It is a most important decision that we make as a nation. But all of you have lived through the last four years and have seen the significance of space and the adventures in space, and no one can predict with certainty what the ultimate meaning will be of mastery of space.

Innovators are those who can see the significance of the endeavour and can readily accept the uncertainty of the end result.

I believe we should go to the moon. But I think every citizen of this country as well as the Members of the Congress should consider the matter carefully in making their judgment, to which we have given attention over many weeks and months, because it is a heavy burden, and there is no sense in agreeing or desiring that the United States take an affirmative position in outer space, unless we are prepared to do the work and bear the burdens to make it successful. If we are not, we should decide today and this year.

Innovators make the decision that they are prepared to do the work and bear the burdens to make their dream a reality. And this they need to have considered and fully aware of, ideally prior to taking the first step.

This decision demands a major national commitment of scientific and technical manpower, material and facilities, and the possibility of their diversion from other important activities where they are already thinly spread. It means a degree of dedication, organization and discipline, which have not always characterized our research and development efforts. It means we cannot afford undue work stoppages, inflated costs of material or talent, wasteful interagency rivalries, or a high turnover of key personnel.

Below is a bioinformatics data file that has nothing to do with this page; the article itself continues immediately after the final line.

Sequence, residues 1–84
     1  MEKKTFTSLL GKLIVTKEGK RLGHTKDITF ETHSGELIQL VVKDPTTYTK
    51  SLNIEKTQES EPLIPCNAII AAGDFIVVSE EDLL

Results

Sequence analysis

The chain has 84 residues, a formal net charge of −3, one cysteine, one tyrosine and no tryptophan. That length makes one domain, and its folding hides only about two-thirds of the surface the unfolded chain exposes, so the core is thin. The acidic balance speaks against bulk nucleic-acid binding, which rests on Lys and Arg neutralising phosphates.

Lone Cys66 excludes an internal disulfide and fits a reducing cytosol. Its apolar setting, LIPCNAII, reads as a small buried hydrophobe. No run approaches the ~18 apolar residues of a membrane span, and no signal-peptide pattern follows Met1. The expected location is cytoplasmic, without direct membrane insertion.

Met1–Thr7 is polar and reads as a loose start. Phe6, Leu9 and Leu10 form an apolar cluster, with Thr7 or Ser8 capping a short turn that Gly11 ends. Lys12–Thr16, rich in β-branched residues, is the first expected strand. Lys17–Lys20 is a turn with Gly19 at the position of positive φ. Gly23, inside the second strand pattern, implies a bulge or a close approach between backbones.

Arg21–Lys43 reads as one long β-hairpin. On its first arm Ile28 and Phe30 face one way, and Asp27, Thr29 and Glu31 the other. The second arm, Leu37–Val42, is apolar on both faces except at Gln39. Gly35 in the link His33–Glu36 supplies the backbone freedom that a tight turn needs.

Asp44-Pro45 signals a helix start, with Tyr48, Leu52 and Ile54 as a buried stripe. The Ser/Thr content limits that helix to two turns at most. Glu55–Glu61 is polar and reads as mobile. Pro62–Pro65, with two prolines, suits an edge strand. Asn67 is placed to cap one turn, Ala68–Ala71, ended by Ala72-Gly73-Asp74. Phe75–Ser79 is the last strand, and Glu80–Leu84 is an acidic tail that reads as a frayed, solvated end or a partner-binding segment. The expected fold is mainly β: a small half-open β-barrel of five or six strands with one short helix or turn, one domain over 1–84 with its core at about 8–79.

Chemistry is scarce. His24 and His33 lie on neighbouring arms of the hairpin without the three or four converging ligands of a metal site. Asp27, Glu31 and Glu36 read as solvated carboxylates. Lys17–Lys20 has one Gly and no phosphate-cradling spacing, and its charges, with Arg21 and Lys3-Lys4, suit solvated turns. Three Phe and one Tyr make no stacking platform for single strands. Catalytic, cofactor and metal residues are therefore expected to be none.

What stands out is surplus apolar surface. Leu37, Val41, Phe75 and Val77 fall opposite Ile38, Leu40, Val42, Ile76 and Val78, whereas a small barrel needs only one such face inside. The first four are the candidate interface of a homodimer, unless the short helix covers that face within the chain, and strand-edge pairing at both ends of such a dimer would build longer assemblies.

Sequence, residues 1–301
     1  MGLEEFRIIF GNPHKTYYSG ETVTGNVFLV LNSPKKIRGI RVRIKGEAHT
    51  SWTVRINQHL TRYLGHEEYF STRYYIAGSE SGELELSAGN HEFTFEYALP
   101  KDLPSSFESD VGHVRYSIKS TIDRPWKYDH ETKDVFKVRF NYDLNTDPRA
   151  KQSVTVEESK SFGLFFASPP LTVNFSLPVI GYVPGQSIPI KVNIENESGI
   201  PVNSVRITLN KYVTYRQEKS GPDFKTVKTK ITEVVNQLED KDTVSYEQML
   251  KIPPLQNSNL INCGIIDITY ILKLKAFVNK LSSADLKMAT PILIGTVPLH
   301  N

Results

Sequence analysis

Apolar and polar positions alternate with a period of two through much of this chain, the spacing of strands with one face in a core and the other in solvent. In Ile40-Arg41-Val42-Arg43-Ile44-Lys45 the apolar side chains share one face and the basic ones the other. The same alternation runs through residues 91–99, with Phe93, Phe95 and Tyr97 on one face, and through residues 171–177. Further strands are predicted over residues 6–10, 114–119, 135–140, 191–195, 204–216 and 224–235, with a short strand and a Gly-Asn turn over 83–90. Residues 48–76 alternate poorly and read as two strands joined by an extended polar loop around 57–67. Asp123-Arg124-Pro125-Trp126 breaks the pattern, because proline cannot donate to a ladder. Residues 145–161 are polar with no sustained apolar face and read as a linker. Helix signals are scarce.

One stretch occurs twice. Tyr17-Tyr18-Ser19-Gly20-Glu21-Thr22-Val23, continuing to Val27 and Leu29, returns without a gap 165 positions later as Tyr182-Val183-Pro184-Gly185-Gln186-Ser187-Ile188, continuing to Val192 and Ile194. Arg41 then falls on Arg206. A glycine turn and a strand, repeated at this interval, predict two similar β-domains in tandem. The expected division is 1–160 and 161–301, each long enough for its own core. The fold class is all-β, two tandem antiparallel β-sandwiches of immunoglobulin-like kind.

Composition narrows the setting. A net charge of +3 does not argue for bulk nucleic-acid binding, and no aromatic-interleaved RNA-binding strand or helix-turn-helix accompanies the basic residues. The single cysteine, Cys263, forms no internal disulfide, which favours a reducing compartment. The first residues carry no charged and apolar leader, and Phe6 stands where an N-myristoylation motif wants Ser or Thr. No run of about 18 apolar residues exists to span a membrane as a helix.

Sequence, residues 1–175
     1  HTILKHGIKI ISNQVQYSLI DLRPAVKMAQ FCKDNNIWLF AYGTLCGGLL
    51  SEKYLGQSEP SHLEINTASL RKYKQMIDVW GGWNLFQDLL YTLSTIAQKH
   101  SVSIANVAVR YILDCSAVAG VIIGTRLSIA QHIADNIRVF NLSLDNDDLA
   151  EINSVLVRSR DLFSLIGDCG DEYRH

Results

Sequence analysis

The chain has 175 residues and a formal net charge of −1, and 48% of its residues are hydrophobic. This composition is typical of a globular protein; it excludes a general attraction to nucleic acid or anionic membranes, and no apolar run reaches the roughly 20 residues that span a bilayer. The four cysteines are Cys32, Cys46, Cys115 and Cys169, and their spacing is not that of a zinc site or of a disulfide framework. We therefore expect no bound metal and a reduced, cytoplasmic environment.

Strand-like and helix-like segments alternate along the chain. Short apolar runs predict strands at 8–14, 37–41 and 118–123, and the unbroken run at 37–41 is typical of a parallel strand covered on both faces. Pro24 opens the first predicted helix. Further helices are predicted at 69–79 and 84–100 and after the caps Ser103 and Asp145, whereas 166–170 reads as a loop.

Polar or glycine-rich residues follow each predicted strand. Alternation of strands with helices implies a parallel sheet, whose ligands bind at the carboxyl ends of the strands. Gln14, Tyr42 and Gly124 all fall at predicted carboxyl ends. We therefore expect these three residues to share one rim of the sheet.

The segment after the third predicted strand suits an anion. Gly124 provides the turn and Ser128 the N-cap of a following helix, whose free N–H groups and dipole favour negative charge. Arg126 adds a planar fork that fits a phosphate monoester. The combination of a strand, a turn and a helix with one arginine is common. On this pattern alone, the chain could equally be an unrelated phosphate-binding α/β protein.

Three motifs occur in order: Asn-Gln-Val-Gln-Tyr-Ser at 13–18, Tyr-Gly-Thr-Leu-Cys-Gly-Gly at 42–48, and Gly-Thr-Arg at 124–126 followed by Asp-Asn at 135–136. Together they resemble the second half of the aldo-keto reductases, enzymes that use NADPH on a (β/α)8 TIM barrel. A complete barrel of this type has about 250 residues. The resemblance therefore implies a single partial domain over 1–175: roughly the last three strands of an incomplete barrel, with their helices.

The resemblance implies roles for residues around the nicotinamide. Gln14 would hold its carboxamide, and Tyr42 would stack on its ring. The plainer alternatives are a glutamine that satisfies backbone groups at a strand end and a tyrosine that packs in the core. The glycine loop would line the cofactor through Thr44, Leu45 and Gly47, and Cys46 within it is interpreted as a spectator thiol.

Innovation is about diverting from certain aspects of life and business to achieve those aspects that we value more. Innovators have to be dedicated, organized and disciplined to do what it takes to get the job done and recognise the limitations of past behaviours. They must understand what has to happen and simultaneously what must not happen.

New objectives and new money cannot solve these problems. They could in fact, aggravate them further -unless every scientist, every engineer, every serviceman, every technician, contractor, and civil servant gives his personal pledge that this nation will move forward, with the full speed of freedom, in the exciting adventure of space.

And that's what innovators do. They pledge their life to their mission. The great ones get their teams to see, feel and taste the vision. Then once they do they give their team members the freedom to do what they are capable of; empowering them to excel, and in doing so become part of the adventure and giving their life meaning and purpose too.

We know that innovators rise to the challenge. We can see that today in the responses to and successes of projects that do just that, such as SpaceX, HeroX, Skild, MITinclusiveinnovation, Thiel Fellowship and the Bill & Melinda Gates Foundation's Grand Challenges to name a few. Challenges are not a new concept. We learn to take on challenges right from childhood. The moment a friend dares us to do something. That moment where we simultaneously feel full of fear and yet draw on our internal courage and be brave and take on that dare.

And writing this I'm wondering about the power of a challenge. What if President Kennedy had never thrown such a challenge on the table? Would Neil Armstrong ever have taken that step?